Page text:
Trans-Himalayan encompasses well over three hundred languages. Figure 1 shows the geographical distribution of Trans-Himalayan languages, and Figure 2 shows the distribution of the major subgroups of the language family, with each dot representing not a language, but a recognised linguistic subgroup within the family. On the basis of this phylogenetically indicative distribution, it is quite clear that the Trans-Himalayan language family straddles the Himalayas on both sides and that the centre of gravity and diversity lies in the eastern Himalayan region. The difference between the two maps illustrates the results of the historically attested spread within the horizon of recorded history of just a single subgroup, the Sinitic languages, emanating from the eastern end of the original geographical range of the Trans-Himalayan language family.

2. Morphosyntactic Conservatism versus Attrition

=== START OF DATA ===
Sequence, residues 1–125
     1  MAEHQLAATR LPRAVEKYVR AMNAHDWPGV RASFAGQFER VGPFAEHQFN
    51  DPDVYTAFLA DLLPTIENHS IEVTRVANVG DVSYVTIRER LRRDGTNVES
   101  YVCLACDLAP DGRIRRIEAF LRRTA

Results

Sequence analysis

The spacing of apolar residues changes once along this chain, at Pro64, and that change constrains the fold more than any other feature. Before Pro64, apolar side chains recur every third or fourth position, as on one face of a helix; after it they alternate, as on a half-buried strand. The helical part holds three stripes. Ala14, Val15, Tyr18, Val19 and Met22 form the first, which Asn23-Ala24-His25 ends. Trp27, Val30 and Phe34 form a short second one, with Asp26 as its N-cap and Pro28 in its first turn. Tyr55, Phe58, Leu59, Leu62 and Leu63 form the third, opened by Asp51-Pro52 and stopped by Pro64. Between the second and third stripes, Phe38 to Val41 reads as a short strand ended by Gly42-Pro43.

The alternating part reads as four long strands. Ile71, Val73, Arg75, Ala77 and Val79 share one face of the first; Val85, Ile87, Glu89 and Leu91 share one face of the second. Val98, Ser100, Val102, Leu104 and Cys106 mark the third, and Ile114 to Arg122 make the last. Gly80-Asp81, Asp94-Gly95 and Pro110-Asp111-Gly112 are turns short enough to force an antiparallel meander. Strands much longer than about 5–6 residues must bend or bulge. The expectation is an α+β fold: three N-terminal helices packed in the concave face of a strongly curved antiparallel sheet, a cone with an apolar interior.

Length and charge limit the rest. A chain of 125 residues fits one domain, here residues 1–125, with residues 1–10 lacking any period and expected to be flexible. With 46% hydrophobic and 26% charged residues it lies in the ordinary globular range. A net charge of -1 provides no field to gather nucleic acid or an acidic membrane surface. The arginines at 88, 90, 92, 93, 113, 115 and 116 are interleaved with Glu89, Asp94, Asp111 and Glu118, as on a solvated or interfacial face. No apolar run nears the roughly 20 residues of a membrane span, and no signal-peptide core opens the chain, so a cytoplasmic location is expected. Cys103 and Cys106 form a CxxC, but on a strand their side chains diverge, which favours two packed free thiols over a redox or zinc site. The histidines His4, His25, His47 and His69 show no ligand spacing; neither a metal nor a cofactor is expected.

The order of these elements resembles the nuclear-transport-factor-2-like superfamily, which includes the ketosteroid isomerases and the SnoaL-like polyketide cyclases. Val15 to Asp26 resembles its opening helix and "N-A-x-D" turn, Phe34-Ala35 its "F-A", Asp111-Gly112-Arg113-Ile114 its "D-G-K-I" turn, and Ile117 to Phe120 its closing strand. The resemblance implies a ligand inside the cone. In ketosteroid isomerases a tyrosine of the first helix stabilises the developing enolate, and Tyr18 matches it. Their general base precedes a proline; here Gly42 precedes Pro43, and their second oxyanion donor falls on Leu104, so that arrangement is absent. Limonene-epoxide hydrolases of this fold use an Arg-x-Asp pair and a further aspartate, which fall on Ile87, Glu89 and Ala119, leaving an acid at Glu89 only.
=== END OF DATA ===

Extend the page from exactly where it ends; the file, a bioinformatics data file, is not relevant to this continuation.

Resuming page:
In terms of their grammatical typology, the Sinitic languages show little if any overt morphology. Chinese mystified linguists such as Wilhelm von Humboldt (1836) with its ‘scheinbare Abwesenheit aller Grammatik’ in the sense that grammatical relations are primarily expressed ‘durch Stellung.’ Scott DeLancey (2013a) recently became a proponent of the idea that Sinitic could have arisen as a creole which served as a lingua franca over a vast area when the ancestral Tibeto-Burman language spoken by the ancient Chinese was introduced to and adopted by an indigenous Altaic population in what today is northern China. In reality, the idea of an Altaic substrate in Sinitic, and Mandarin in particular, has been propounded for quite some time, for example, Poppe (1965) and Ch’en (1976). In terms of its salient typological features, Mantarō Hashimoto (1976a, 1976b, 1980, 1986) argued that Sinitic could be thought of as an ancient Tibeto-Burman language which underwent pidginisation in the mouths of an Altaic population. Hashimoto adopted William Ballard’s (1979) metaphor, which depicts Sinitic as a mosaic of structural features representing a typological halfway house between Southeast and Northeast Asia. Some have responded critically, for example, Li (1995), whereas others have received the idea favourably, for example, Norman (1982) and Wadley (1996).